Bells And Whistles, Or Accessibility Stop Signs?

With the advent of high-speed Internet, a treasure trove of possibilities presented themselves to the web developer. Java, embedded video, Flash and other coding options afforded online retailers the opportunity to provide entertainment, in addition to merchandise.

Visual animation is not accessible

Something to keep in mind is that while you might find a catchy tune or nifty Flash animation appealing on your home page, you may be putting up impenetrable barriers to people with disabilities.

Let’s say you sell music. Having a snippet of a popular song play when a visitor arrives would seem to be a natural sales aid. But do you offer an option to turn the music off? Is there a SKIP INTRO button? Do you allow for a few seconds between the time your page loads and the start of your music or video clip? If not, you should. The visitor using assistive technology may not be able to hear his/her screen reader if there is, simultaneously, music or video content playing. If that user cannot hear the contents of the page — product information, pricing, quantity in basket — he/she isn’t likely to stick around, no matter how appealing the tune. The best way to deal with this is to insert at least five seconds of silence after your home page loads, and place the SKIP INTRO or TURN OFF SOUND button somewhere prominent.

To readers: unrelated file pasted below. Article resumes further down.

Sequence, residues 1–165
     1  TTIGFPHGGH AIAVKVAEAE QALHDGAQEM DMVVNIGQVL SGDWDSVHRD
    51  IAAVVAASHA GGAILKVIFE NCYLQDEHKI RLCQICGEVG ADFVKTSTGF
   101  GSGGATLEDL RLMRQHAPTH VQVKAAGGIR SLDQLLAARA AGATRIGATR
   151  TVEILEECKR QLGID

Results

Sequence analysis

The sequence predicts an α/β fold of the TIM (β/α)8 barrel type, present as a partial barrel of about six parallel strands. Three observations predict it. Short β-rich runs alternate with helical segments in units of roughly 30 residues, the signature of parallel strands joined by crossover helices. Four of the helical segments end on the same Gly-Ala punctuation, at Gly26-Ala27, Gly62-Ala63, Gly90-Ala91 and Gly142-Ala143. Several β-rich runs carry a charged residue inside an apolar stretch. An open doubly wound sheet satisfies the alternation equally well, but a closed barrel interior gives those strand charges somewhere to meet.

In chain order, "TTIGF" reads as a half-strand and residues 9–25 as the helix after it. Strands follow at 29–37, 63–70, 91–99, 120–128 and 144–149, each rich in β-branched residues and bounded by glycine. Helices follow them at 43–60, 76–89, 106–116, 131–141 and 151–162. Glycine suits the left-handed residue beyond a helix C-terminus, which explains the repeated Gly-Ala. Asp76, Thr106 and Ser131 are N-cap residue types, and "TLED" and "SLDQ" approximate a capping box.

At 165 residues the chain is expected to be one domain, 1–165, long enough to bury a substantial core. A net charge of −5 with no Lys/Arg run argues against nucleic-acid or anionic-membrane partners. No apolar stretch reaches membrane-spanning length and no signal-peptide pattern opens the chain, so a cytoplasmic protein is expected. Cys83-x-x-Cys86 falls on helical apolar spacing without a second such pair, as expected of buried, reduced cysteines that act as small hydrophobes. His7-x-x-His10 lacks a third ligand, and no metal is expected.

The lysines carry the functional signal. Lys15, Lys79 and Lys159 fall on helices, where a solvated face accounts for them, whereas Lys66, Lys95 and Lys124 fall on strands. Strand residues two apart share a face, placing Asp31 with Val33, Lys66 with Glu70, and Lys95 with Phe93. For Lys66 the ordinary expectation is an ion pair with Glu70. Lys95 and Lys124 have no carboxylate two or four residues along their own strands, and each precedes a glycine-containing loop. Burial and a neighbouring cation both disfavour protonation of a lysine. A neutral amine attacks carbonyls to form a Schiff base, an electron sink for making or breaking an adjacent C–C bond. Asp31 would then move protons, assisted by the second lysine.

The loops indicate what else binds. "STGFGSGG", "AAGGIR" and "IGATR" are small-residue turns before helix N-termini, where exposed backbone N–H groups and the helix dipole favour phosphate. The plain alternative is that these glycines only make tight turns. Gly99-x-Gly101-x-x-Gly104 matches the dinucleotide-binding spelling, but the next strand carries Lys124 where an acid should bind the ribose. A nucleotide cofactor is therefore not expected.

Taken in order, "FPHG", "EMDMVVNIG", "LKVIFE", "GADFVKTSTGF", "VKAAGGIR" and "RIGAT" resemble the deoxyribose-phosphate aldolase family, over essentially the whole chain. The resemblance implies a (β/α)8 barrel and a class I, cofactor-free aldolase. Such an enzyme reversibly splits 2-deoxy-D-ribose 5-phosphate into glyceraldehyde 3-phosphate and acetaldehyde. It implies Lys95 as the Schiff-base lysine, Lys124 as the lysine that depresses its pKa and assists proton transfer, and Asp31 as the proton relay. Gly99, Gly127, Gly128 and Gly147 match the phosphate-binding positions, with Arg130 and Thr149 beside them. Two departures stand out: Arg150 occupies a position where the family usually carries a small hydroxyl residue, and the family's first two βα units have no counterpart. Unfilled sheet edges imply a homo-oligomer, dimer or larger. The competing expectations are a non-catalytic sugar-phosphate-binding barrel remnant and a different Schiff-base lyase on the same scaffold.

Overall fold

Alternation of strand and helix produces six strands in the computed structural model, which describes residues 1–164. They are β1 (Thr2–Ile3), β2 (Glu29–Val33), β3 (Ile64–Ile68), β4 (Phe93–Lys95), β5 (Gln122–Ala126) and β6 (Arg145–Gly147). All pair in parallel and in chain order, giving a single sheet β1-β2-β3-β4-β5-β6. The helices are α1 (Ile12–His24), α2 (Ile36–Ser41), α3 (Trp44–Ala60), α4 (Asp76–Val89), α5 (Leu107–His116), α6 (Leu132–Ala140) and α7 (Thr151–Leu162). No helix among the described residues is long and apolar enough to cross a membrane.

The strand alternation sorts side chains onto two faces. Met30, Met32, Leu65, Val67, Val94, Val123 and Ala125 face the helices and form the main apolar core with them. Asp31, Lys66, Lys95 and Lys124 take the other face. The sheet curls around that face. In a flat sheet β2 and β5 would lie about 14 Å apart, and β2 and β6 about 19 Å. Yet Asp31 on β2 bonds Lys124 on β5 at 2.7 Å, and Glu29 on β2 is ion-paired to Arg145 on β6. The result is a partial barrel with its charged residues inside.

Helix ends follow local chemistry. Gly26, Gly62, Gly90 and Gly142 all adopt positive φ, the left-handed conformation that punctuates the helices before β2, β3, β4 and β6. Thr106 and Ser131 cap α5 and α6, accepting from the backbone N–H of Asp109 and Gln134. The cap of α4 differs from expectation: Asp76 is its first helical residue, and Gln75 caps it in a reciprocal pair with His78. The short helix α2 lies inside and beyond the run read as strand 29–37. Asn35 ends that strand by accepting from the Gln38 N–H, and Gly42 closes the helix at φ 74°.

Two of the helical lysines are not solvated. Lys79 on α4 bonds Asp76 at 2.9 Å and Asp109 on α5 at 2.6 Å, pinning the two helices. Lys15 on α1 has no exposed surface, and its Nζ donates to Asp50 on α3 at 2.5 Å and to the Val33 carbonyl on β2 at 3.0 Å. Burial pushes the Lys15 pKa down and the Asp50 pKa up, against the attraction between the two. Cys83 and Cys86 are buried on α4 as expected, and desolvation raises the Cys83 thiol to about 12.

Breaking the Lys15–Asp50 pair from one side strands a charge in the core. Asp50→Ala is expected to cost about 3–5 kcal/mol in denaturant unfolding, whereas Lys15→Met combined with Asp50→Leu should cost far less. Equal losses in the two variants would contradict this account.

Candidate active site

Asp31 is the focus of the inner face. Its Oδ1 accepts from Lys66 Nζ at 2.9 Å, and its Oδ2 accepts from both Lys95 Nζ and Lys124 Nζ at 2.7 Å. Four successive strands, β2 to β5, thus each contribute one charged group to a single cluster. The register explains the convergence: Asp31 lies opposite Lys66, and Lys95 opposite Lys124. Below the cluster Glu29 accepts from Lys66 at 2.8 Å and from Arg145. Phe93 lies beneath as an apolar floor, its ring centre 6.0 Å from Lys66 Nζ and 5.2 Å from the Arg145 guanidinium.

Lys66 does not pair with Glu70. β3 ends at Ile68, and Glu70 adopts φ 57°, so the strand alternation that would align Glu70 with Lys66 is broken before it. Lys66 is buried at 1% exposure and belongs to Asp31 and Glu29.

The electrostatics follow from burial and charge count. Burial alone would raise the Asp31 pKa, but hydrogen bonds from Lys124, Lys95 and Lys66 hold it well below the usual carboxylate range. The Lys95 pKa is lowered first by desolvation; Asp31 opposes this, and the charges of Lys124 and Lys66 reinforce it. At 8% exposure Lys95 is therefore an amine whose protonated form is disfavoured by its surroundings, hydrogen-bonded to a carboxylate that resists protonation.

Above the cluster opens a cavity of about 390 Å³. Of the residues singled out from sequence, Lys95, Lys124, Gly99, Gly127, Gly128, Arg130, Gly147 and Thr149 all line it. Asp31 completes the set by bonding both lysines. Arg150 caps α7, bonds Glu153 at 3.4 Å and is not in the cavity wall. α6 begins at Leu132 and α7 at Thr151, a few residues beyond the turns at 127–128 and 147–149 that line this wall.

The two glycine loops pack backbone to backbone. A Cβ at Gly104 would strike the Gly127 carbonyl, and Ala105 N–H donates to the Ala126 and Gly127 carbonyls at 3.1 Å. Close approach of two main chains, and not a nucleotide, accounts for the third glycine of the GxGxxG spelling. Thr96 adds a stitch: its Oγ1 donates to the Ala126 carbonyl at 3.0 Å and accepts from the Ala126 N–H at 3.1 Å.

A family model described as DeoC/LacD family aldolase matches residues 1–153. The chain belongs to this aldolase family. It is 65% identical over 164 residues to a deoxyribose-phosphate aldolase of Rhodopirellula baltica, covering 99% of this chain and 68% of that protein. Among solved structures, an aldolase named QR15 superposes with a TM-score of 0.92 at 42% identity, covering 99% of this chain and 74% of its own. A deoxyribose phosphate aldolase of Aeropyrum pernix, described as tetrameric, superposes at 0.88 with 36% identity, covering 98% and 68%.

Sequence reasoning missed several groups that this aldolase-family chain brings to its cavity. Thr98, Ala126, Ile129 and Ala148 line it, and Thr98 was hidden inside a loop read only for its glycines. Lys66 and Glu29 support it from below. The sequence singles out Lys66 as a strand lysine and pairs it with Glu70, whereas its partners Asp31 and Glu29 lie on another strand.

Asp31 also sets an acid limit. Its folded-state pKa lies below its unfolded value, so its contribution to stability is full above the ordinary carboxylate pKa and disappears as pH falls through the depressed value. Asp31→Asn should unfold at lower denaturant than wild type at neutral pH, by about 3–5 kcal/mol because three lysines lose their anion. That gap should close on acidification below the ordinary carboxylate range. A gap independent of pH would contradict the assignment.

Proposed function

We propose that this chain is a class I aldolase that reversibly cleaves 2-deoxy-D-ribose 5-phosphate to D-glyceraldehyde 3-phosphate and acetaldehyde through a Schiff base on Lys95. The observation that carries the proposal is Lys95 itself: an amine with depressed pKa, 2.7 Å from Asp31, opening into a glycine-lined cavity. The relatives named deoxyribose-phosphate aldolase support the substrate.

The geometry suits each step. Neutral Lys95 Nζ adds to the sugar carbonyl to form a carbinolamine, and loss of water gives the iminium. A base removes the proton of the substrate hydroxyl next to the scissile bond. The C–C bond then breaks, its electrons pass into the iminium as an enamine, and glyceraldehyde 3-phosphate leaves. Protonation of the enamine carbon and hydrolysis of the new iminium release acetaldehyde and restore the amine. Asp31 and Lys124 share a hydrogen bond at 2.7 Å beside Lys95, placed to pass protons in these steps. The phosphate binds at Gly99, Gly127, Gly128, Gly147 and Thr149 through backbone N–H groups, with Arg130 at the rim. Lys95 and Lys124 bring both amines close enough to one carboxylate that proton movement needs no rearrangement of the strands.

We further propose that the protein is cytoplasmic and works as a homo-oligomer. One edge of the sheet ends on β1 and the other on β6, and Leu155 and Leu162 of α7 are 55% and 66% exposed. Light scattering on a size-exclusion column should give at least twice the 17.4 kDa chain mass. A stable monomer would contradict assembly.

Forced software updates

Software requirements, too, may be costing you sales. Does your site require the latest version of Flash or Windows Media Player? Recently, I was prompted to install the newest version of Windows Media Player in order to view a website. In addition to the fact that I didn’t want to install software I felt unnecessary, I discovered this roadblock was for a simple twenty-second audio clip introducing me to the site. For this I wasted half an hour and formed an unfavorable opinion of the retailer. Forcing customers to install or update their software in order to view your site is a turn-off. While you want the best experience for your shoppers, potential customers may have difficulties with such features, or others — both those with disabilities and without — may simply prefer not to have those features get in their way.

Joseph Monks
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